Last week, on his way out of the door for a long weekend, LL threw up a post about how D.C. Public Schools Chancellor Michelle Rhee, faced with threats from the D.C. Council to cut $27 million from her fiscal 2010 budget over an enrollment dispute, had sent letters to her principals telling them that their budgets are set to be cut.

Therein, LL asked a couple of questions: Why cut teachers first? Aren’t there central-office savings to be reaped?

This week, some answers came to those questions, from DCPS spokesperson Jennifer Calloway. “DCPS has cut the central office budget to the bare minimum,” she writes in a statement, “reducing spending over the past 2 years while significantly increasing funding going directly to schools.”

“Central office,” by the way, is shorthand for all school-system functionaries who aren’t directly serving students in schools—-not just those who work at DCPS headquarters at 825 North Capitol Street. And if the central office has indeed been cut to the bone, Rhee will have accomplished quite something.

As LL detailed in a fall 2007 cover story, superintendents have been railing about a bloated DCPS headquarters for years. Rhee was granted the ability in late 2007 to fire central office employees at will; on one day last March, she fired nearly 100 employees working at 825 North Capitol.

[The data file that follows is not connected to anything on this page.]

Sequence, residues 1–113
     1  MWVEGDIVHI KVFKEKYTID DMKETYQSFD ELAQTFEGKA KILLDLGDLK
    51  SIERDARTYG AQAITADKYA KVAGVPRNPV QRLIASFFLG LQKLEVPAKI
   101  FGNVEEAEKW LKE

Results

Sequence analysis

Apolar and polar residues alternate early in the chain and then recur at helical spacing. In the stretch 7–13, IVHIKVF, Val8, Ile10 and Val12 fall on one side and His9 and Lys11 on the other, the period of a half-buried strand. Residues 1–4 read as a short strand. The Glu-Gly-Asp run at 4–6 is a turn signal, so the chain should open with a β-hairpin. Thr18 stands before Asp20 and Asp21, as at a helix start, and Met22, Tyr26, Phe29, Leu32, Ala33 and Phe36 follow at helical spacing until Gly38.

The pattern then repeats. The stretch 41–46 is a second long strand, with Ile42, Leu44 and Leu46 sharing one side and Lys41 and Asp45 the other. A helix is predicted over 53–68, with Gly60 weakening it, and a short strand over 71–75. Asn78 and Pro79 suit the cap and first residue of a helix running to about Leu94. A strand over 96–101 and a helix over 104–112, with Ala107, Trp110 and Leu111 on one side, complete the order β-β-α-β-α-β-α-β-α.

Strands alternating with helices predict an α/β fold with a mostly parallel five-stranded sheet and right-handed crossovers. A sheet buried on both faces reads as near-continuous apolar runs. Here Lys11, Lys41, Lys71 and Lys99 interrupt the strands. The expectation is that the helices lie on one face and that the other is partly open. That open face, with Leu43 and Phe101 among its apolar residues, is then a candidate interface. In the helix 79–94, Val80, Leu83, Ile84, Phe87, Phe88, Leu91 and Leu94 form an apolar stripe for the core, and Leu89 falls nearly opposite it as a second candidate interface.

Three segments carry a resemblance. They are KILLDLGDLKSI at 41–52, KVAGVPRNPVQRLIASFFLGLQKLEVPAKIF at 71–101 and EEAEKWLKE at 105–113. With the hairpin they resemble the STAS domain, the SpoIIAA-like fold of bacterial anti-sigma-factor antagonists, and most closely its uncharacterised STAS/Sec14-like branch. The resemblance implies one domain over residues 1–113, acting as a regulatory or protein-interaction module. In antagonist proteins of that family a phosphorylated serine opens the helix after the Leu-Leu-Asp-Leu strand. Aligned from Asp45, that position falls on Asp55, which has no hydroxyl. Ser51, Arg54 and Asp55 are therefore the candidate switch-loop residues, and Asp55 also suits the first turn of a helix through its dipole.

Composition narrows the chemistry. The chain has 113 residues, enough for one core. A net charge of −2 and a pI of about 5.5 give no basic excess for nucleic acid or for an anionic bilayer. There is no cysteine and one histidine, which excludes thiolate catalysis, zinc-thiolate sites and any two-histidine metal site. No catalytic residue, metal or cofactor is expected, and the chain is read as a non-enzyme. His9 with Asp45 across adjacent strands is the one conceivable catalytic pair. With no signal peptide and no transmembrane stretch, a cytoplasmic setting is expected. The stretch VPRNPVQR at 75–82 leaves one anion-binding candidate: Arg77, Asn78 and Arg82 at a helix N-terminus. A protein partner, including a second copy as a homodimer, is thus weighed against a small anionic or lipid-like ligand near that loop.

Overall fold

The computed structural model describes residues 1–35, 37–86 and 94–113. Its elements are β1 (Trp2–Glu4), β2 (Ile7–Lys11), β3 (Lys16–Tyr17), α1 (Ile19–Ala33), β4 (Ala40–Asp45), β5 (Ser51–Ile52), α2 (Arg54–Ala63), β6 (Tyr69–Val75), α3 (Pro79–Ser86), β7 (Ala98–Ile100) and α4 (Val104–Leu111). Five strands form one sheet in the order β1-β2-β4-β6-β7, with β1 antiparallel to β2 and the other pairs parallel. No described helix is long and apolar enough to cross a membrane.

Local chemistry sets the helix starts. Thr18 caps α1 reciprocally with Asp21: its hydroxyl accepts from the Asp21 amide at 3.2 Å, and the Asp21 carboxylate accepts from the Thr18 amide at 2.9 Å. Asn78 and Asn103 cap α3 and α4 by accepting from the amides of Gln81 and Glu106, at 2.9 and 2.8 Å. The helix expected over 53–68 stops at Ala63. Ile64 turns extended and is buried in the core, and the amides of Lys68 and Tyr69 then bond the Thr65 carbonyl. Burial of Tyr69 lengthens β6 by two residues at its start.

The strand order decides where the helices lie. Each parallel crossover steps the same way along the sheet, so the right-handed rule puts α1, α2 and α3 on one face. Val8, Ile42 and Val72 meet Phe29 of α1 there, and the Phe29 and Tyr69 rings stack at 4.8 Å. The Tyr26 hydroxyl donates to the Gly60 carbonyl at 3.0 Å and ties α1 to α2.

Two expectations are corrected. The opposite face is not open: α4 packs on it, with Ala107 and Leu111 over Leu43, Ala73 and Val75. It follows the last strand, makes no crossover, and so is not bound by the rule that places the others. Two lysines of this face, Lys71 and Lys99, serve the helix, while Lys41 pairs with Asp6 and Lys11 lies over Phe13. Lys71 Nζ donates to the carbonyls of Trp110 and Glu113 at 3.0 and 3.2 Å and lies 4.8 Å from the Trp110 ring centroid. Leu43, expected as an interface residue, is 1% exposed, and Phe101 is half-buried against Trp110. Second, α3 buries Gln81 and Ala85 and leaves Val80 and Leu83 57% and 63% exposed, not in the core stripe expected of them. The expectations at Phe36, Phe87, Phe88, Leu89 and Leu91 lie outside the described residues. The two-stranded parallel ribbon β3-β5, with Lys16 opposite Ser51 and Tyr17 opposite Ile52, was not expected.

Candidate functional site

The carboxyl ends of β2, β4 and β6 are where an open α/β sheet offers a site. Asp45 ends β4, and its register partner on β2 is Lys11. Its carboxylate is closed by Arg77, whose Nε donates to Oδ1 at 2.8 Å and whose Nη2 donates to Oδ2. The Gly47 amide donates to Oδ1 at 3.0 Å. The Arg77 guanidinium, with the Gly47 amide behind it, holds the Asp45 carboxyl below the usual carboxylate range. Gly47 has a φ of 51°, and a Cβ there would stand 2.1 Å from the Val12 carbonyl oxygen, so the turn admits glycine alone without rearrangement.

Calloway points out that the proposed 2010 budget includes about $138 million in central office spending; $110 million of that are for “fixed costs” that include “utilities, food services, security, student data systems, payroll, human resources and procurement.”

Then there’s the matter of stimulus money. In the Fenty administration’s initial request for stimulus dollars, schools were made a top priority.

So why not tap some of that money? That, according to Bill Turque in the Washington Post, is what council Chairman Vincent C. Gray has been suggesting.

Calloway says that DCPS is entitled to $29.4 million in stimulus funds for next year, and that money has “already been rolled into the per-pupil funding formula” for the year. “This money is not an independent piece of the overall budget that can be reallocated at will,” she writes. As for an additional $42 million in federal funds from the education department, she says, “We presented the federal government with a proposal that included specific innovations and reforms; therefore it is not an option to use the funds for other purposes.”

The budget tussle is set to come to a head Tuesday, when budget legislation comes up for a second and final vote—-and Rhee’s savvy politicking is put to the test.

“Ultimately, if the Council makes the decision that DCPS enrollment will be at 42,000 students,” Calloway writes, “the only responsible action we can take is to staff to that number.”